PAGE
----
Agricultural engineers use their educational backgrounds in agriculture and biological engineering to design the machinery used within the food and farming industries. Many learn these skills through ABET-accredited programs that may even lead them to becoming licensed as professional engineers (PE).
Agricultural engineers, or agricultural equipment design engineers, are responsible for designing the machinery and structures that are used in the farming industry. They might specialize in areas such as food processing or environmental engineering. Aspiring agricultural engineers should earn a bachelor's degree in either agricultural engineering or biological engineering. Those providing services to the public also need to seek Professional Engineer (PE) licensure.
|Required Education||Bachelor's degree in agricultural or biological engineering|
|Licensure||PE licensure may be necessary|
|Projected Job Growth (2018-2028)*||5% (for agricultural engineers)|
|Median Annual Salary (May 2018)*||$77,110 (for agricultural engineers)|
Source: *U.S. Bureau of Labor Statistics
Step 1: Earn a Bachelor's Degree in Agricultural Engineering
Those interested in becoming agricultural engineers specializing in equipment design will first need to complete a bachelor's degree in agricultural engineering. Many agricultural engineering programs in the United States have achieved accreditation from ABET, formerly the American Board of Engineering Technology. These schools are recognized for their excellence in engineering education. In undergraduate programs, students may study such topics as earth sciences, math, soils science and physics. Additionally, students will need to master computer applications involved in computer-aided design and manufacturing.
Step 2: Gain Work Experience in Agricultural Engineering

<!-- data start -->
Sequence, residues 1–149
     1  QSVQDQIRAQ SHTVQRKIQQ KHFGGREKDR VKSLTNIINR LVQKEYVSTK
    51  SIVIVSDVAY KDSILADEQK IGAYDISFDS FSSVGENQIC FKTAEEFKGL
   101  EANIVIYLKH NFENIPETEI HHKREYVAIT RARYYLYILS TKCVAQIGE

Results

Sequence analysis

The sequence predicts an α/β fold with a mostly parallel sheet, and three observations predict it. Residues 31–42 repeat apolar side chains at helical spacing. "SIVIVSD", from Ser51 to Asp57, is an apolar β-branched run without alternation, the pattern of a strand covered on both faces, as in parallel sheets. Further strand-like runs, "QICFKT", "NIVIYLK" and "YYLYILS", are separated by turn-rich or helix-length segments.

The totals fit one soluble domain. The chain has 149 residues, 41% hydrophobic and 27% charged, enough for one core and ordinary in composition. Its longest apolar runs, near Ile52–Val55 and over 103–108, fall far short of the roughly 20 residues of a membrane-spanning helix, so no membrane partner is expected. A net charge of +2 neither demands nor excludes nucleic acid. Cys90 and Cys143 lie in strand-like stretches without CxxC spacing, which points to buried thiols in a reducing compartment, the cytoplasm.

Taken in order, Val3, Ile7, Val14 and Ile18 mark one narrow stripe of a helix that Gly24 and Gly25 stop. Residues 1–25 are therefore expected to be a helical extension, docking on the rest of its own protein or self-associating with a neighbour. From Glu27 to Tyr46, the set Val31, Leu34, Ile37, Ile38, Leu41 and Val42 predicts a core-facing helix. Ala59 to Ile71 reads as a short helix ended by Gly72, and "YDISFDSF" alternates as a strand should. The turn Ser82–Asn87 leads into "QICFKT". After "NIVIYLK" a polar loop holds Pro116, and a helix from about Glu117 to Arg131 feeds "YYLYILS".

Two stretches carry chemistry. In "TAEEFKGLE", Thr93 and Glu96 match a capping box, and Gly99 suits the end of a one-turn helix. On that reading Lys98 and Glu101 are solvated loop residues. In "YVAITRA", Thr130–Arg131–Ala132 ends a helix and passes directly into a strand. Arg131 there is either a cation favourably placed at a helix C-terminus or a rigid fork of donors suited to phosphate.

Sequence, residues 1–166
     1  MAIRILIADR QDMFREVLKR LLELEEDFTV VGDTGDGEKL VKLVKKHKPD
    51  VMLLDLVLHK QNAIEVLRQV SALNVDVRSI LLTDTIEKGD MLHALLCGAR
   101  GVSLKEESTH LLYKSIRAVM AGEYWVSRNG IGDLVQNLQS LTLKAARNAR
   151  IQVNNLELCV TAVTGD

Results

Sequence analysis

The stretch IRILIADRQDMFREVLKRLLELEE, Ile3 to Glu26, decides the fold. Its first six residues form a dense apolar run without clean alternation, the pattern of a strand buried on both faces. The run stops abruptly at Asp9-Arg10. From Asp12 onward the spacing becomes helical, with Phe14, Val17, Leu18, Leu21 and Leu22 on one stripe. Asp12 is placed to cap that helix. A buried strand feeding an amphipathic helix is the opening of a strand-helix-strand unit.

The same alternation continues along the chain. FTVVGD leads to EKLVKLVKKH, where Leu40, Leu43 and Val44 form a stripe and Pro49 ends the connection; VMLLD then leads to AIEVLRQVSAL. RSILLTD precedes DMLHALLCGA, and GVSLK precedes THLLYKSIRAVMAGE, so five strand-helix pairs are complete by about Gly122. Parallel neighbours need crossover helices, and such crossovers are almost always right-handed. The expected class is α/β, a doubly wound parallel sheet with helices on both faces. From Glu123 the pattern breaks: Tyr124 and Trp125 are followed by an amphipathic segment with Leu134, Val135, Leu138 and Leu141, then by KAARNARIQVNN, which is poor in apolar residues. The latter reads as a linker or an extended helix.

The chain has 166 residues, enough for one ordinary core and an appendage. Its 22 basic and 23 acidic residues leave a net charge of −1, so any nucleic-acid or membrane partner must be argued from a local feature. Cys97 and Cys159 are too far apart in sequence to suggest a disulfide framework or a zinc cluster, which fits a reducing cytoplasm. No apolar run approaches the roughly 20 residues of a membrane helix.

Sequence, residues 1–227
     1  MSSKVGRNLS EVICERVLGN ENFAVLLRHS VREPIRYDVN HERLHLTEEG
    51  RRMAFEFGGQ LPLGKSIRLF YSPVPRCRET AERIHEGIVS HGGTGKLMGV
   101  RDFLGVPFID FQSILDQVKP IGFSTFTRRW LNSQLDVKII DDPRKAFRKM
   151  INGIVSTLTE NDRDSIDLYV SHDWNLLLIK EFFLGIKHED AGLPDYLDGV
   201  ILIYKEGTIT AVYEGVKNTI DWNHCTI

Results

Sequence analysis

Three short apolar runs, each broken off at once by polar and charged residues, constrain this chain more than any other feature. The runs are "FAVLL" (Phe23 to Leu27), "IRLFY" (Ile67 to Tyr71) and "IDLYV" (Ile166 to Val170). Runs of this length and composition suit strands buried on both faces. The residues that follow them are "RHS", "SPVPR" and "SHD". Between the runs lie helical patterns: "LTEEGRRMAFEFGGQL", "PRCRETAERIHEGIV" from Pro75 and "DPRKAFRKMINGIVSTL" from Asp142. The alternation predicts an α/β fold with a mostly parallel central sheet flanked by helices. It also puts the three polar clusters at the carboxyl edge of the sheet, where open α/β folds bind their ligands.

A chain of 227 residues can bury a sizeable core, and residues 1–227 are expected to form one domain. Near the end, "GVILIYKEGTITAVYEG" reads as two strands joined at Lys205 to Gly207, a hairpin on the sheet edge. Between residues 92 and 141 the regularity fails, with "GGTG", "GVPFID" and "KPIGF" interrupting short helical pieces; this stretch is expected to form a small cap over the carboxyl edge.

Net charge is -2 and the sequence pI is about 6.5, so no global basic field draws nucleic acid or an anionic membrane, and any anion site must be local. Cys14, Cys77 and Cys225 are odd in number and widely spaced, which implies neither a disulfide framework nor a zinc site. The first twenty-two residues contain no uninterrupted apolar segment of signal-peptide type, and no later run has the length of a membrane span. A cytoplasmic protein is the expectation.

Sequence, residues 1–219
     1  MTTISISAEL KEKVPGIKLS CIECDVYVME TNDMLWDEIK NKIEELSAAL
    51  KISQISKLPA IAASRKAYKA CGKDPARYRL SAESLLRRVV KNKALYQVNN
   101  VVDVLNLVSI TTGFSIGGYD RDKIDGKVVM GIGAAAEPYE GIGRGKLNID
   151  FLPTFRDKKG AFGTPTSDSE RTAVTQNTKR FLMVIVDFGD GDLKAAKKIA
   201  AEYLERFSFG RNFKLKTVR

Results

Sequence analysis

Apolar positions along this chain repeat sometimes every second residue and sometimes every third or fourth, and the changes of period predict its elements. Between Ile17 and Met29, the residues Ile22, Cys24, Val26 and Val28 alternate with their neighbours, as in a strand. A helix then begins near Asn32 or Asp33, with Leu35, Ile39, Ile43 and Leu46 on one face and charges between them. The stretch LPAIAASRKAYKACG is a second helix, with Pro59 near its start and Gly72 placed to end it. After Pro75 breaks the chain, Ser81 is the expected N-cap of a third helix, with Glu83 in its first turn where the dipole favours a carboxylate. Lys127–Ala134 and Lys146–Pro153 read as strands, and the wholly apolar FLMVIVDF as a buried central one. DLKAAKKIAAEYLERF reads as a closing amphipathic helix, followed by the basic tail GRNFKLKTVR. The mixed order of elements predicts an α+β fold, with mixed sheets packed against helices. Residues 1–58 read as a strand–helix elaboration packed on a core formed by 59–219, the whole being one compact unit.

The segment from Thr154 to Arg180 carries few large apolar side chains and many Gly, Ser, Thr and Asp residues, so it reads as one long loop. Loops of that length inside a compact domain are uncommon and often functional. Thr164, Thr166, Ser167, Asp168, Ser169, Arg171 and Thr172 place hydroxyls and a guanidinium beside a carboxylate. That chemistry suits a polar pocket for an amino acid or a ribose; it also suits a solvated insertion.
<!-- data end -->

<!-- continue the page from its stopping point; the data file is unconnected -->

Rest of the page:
Work experience - either as an intern during an engineering program or in an entry-level position post-graduation - helps budding agricultural engineers to develop their professional skills and engineering education. Some ABET-accredited programs will have internship opportunities designed to provide this type of career development to their students.
Step 3: Become a Licensed Professional Engineer
Not all engineers become Professional Engineers (PE). This credential is necessary for those engineers wanting to offer their services directly to the public. The requirements for licensure are usually completion of a four-year degree from an ABET-accredited program, passing the Fundamentals of Engineering exam, a period of supervised work experience and passing the Professional Engineering exam.
Step 4: Find a Position in Agricultural Design
Having finally mastered many of the skills involved in agricultural engineering, developed work experience and engaged in professional development - possibly through licensure - professionals are prepared to work as agricultural equipment designers. At this point, the engineer will either need to find a design position at an existing company or find financial backing in order to either promote a new product or develop a patent that can then be licensed to manufacturers.
As reported by the U.S. Bureau of Labor Statistics in 2018, agricultural engineers took home a median annual wage of $77,110 (www.bls.gov). Growth in the field was expected to be as fast as the national average, at a rate of 5% between 2018 and 2028.
Agricultural engineers create mechanical designs and equipment specifically for the agricultural, farming and food industries. They need a bachelor's degree in agricultural engineering then, if they desire licensure as a PE, must gain experience through internship programs and pass two exams. These engineers could earn a median salary of $77,110 in 2018, and jobs were expected to grow at as fast as average rate from 2018-2028.